The group of students who made Aledo famous for all of the wrong reasons were three ninth graders, one of whose family is currently try to move out of town.
Kids, don’t joke about a “slave trade” about two of your Black classmates, as the three Aledo students did on Snapchat. It’s racist, unfunny, and it will change your life forever.
While you’re at it, stop putting your entire life on the Internet.
According to sources familiar with a situation that has become a point of discussion, and embarrassment, in the mostly white suburb west of Fort Worth, the three boys who built the racist conceit have been punished by the Aledo ISD.
The punishment is for the kids, but this sort of behavior starts at home. In the neighborhood. Down the street.
Aledo, look in the mirror. You specifically may not be a part of the problem, but are you being part of the solution?
Just because you cheer on the few Black kids who play running back, wide receiver and run track for the Aledo Bearcats means you may only be perpetuating a stereotype that says we white folks support the Blacks when they score our touchdowns, but stop at that.
According to The Texas Tribune, as of the 2019-’20 school year, Aledo ISD had 6,399 students, 94 of whom are Black. That’s 1.5 percent.
That 1.5 percent sees all of this, and God only knows how it affects them.
Because the Black children, and their families, who moved to Aledo to live their lives will have a hard time now not thinking of their mostly white neighbors, “This is how they really see us.”
The three Daniel Ninth Grade Center students are not currently permitted to be on campus, sources said. It is unclear the exact nature of the punishment that was meted out.
The Family Educational Rights and Privacy Act (FERPA) prohibits the school from discussing anything about the students, including the severity of the punishment.
Two of the three boys were on the baseball team, sources said. They have since been removed from the team. The third student had no affiliation with the team.
Since this all became a national news story, employees of Aledo ISD have received threatening emails from people all over the United States.
“I’ve got all of these emails from people telling me what a terrible person I am,” said Aledo football coach Tim Buchanan, whose program has won three straight state titles.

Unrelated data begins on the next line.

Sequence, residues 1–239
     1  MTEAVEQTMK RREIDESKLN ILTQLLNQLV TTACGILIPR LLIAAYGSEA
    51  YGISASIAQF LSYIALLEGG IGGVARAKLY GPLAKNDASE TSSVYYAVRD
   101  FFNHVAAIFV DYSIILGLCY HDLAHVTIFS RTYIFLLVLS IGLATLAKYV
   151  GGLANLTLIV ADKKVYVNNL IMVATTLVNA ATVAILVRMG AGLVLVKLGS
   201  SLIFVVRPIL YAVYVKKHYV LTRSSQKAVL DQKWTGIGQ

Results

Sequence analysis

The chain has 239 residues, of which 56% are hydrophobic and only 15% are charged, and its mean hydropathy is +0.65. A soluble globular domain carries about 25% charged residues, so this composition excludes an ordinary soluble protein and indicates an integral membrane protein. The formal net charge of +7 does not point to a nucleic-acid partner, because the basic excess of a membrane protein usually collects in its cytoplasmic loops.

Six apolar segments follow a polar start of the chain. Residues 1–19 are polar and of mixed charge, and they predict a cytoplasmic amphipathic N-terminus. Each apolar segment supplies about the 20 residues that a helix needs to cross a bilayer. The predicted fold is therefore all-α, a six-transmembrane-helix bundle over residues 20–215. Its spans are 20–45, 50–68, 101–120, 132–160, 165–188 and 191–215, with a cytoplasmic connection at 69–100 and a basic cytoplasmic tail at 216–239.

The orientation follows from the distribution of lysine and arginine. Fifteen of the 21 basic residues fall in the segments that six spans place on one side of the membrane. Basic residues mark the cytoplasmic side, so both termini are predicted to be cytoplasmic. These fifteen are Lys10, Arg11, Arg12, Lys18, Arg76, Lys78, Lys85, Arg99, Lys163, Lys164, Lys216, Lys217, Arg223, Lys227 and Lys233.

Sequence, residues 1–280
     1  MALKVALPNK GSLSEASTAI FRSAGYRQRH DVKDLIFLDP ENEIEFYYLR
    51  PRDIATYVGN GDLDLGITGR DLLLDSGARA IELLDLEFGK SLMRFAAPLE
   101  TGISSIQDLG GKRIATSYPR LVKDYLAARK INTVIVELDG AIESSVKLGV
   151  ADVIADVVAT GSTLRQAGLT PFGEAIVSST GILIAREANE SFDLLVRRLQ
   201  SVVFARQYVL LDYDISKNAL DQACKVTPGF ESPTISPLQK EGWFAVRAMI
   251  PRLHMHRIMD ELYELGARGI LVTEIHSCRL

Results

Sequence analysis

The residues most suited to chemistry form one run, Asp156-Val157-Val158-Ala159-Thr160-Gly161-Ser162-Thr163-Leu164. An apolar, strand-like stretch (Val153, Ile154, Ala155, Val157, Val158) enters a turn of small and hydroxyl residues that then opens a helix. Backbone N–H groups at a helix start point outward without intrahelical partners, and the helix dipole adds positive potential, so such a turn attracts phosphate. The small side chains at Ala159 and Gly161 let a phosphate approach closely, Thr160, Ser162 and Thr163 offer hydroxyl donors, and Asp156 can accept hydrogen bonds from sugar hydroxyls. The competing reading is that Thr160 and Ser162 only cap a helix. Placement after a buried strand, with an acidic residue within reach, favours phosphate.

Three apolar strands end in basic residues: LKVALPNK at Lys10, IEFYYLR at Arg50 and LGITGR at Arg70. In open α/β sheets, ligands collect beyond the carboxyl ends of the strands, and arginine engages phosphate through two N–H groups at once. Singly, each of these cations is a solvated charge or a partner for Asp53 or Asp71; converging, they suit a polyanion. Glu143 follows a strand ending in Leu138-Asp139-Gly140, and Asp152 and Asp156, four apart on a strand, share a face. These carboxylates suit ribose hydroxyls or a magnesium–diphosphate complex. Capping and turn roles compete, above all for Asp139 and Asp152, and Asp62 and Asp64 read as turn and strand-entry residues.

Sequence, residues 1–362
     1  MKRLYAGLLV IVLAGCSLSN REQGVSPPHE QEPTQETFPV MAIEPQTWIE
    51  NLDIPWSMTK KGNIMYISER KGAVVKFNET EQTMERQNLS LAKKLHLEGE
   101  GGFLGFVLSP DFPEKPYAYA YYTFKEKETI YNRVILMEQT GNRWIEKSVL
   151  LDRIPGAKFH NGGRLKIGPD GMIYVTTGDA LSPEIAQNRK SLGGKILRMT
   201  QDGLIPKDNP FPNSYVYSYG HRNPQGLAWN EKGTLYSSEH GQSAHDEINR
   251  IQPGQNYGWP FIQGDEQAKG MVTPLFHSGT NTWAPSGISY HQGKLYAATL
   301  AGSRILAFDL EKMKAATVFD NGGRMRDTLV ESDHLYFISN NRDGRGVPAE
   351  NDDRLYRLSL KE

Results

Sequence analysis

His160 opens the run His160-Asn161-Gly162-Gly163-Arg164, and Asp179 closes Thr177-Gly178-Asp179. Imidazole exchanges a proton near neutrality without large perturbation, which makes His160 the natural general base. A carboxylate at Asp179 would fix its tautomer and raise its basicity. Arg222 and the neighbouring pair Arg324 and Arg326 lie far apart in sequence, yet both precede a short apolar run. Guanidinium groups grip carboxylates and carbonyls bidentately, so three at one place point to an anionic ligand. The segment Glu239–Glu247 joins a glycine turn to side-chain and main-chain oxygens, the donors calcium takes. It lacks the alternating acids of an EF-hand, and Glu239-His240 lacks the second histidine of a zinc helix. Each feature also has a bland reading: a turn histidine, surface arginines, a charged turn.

By Wednesday morning Buchanan said he had several students in his office who told him they were afraid to go to school. And while five of the students were Black, and there were some white kids in there saying the same thing.
Members of the football team are upset over the incident because it portrays their school and community in a terrible light, with reports featured in The New York Times and other national media outlets.
One upperclassmen on the team, who is white, is trying to start a walkout of students at school on Monday, April 19. The Aledo ISD school board is scheduled to discuss this incident, and its fallout, at a meeting that night.
However, a walkout without permission from the school could have consequences on the participating students.
In the Aledo ISD 48-page student code of conduct, the type of behavior exhibited by the three students would fall under the “Mistreatment of Others” that says “Students Shall Not ... Engage in bullying, cyberbullying, harassment, or making hit lists.”
There is nothing in those 48 pages about acts of racism. Maybe it’s an benign oversight, and something a school administrator simply would not envision to put in a handbook.
We were all young and stupid once, but this sort of “humor” is learned somewhere other than an Aledo classroom or a textbook issued at school.
“Kids don’t learn to be racist in school. We don’t teach it for damn sure,” Buchanan said. “That’s the hardest part. We can educate the hell out of them at school, but if they go home and they learn it at home? That’s the problem. We [at school] just try to educate them to be good kids.”
The three kids may grow up to be good people, but much like the people they hurt, they will live with this forever.
We know the behaviors of a few does not represent all of the entire community, however, these kids learned this from somewhere, and it wasn’t in a classroom.
It starts at home.
Aledo, just to be sure, check the mirror.